This week on our Quick Look is the 2018 Fort Worth Invitational hosted by The Colonial Country Club in Forth Worth, Texas.
Fort Worth Invitational History
The Fort Worth Invitational has been played since 1946. Over the years the event has gone by multiple names.
- Fort Worth Invitational (2018)
- Dean & Deluca Invitational (2016 – 2017)
- Crowne Plaza Invitational at Colonial (2007 – 2015)
- Bank of America Colonial (2003 – 2006)
- MasterCard Colonial (1996 – 2002)
- Colonial National Invitation (1995)
- Southwestern Bell Colonial (1989 – 1994)
- Colonial National Invitation (1946 – 1988)
This event has been won by many top players, Sam Snead (1950), Phil Mickelson (2000) and Jordan Spieth (2016). It has also seen 10 2x winners, Julius Boros, Billy Casper, Lee Trevino, Ben Crenshaw, Bruce Lietzke, Corey Pavin, Nick Price, Kenny Perry, Phil Mickelson and Zach Johnson. Although the big winner is Ben Hogan, he has amassed 5 victories!
Currently, the Fort Worth Invitational is one of only five events given invitational status by the PGA. The other events are the Arnold Palmer Invitational, the RBC Heritage, the Memorial, and the Quicken Loans National. Invitational events have smaller player fields, typically 120 – 132. They also have more freedom in determining what players are eligible for play. Also, they don’t have Monday qualifying event.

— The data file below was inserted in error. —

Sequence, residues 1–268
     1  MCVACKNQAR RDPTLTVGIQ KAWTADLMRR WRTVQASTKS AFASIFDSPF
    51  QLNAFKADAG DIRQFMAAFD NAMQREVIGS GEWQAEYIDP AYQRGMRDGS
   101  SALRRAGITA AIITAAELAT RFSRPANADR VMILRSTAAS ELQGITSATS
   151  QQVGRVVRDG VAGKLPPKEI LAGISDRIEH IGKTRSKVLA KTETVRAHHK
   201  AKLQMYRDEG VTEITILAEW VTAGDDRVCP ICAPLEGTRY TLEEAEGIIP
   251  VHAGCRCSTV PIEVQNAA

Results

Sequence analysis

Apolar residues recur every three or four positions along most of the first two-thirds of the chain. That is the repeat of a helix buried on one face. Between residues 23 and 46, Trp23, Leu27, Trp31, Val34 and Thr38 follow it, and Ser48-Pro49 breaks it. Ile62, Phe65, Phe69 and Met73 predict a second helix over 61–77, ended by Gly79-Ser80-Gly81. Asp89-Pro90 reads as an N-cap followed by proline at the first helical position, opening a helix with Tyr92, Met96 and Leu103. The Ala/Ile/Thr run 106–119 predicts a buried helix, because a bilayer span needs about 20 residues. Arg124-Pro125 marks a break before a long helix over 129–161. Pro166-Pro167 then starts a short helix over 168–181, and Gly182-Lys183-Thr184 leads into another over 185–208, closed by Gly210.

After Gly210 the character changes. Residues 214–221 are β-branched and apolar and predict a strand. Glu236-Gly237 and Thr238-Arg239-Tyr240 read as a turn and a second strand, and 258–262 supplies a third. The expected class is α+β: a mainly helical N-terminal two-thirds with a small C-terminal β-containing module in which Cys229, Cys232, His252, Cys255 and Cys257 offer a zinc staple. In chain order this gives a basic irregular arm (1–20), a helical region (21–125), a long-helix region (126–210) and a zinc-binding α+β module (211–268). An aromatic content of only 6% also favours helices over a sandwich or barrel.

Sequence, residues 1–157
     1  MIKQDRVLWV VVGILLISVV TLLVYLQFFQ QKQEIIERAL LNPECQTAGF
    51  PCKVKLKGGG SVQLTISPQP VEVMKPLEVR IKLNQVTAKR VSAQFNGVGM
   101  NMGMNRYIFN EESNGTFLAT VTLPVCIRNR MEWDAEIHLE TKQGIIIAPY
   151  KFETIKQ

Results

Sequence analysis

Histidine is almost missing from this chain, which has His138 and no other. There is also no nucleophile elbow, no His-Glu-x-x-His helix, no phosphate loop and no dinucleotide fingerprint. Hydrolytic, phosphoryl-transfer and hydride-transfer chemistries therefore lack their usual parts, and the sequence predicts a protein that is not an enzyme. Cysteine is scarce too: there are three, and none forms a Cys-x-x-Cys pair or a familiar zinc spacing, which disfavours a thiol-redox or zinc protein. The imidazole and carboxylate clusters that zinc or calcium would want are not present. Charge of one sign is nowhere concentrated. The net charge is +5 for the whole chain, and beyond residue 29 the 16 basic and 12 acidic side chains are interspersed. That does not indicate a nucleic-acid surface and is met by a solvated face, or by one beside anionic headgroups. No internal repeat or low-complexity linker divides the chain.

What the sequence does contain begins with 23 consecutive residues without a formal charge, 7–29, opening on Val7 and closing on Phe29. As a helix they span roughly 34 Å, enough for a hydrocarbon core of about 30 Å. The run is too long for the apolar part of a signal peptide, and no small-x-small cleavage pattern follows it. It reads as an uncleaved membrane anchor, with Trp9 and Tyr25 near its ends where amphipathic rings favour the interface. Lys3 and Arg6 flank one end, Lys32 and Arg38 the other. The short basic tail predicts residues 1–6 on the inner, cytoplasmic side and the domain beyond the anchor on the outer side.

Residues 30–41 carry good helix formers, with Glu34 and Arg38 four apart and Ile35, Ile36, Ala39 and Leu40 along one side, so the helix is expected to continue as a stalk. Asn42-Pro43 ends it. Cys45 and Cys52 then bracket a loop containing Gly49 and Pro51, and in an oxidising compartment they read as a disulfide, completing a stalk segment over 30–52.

Colonial Country Club Fort Worth, Texas
Jordan Spieth after his 2016 victory
Colonial Country Club
The Colonial Country Club is located in Fort Worth, Texas. Then, as the story goes, in 1927 Marvin Leonard became hooked on the game of golf. His interest in golf came to the point where he studied all aspects, including golf courses design. During his research, Leonard decided that Texas golf courses should use bentgrass greens. Marvin Leonard was so persistent in his belief that he offered to pay for the cost of his home club to switch 2 or 3 greens to bentgrass. Most of all though, if they failed he would even pay for the club to switch it back to the traditional bermudagrass greens. It is rumored that the then president of River Crest told him “Marvin, if you’re so sold on bentgrass, why don’t you go build your own golf course and put them in.” This is how Colonial Golf Club was born.
The architects John Bredemus and Perry Maxwell each submitted 10 designs for the property, and Marvin Leonard borrowed from all of the designs to create Colonial Golf Club. While the first members of Colonial GC were not charged membership fees, they had to put down a security deposit of $50 instead. In January 1936 the club opened. Beginning in the late 1930’s, Leonard began lobbying the United States Golf Association to conduct the U.S. Open at his club. Surprisingly in 1941, the U.S. Open came to Colonial GC. In 1942 Leonard decided it was time to sell the club to its members. When the idea was first pitched it was rejected, almost unanimously. With some persistence and only charging the membership his own investment, roughly $300,000, they accepted. The Colonial Golf Club became Colonial Country Club on December 31, 1942.
Looking to watch the event?
Thursday: 4-7 P.M on The Golf Channel
Friday: 4-7 P.M on The Golf Channel
Saturday: 1-2:45 P.M on The Golf Channel then 3-6 P.M on CBS
Sunday: 1-2:45 P.M on The Golf Channel then 3-6 P.M on CBS
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Before you leave, have a quick look at our post on the 2018 AT&T Bryon Nelson!